However on the way back to the hotel the heaven's opened again -- all we could think about sat in the bar watching it pour down outside was all those poor fans getting even more soaked as they left the site and made their way home. In almost the whole 24 hours the rain poured except for about a 150 minute period  in the late evening, just when we played. We could consider ourselves a bit fortunate for being able to play without the downpour on the fans , but things were soon to turn very bad very dramatically and this in no way prepared anyone for what was to happen the following day in Finland.

If the day before's forecast for Sweden was right on the money, that for Finland could not have been wider of the mark... We were told that Finland was experiencing wonderful hot weather and Pori in the North was glorious, hot and blue skies. Stockholm and Pori were back to back, the Saturday and Sunday, and our equipment and crew were air-freighted out there very early in the morning. As staging, PA and lights are already assembled we "only" have to put on the backline and production so it is feasible to play these back to back. The band and usual team flew over later in the afternoon after a good lie in to get ready for another big show and just before we flew out we heard from our crew that is was a beautiful day  - I may be wrong as it's a bit of a mist now but I don't think they were even aware at that time that a major storm was approaching.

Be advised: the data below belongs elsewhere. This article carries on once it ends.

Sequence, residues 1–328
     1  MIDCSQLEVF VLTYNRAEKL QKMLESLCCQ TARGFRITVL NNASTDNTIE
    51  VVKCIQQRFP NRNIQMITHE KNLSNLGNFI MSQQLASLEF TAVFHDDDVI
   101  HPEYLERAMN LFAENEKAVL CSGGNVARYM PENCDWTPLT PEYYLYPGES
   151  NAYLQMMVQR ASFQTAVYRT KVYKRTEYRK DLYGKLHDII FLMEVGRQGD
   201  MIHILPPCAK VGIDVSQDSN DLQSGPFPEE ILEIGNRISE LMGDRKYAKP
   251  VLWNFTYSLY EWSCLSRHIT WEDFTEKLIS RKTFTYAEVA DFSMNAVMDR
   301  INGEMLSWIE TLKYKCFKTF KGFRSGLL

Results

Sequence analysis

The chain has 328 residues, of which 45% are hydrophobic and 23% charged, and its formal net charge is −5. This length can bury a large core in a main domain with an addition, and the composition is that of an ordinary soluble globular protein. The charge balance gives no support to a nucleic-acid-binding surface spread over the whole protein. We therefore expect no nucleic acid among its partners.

Photo: Hanna Salmi

As we landed we saw a plane on the runway tipped over with one wing touching the ground with one side of the undercarriage collapsed, hence the tilt. What we didn't know at the time that was that the plane which flew our crew in and it had been literally lifted and dropped by the tornado, smashing one side of the undercarriage. When we landed Ian as always called our Production office on site to be told about the massive storm which had passed by causing very extensive damage to equipment and staging and that it was fairly unlikely that we would be able to play due to all this damage. We headed to the festival site and it was a mess. The storm hadn't lasted that long but was incredibly severe. I think Andy is posting his IMTV episode on Sweden and Finland soon so you will see what I mean without my having to labour you with adjectives trying to describe the dreadful state of affairs. And most of the severest moments of the storm Andy missed as it was unsafe to be outside and our Production Manager dragged the ever-intrepid cameraman inside our Production Cabin, although even that was apparently shaking with the severity of the storm.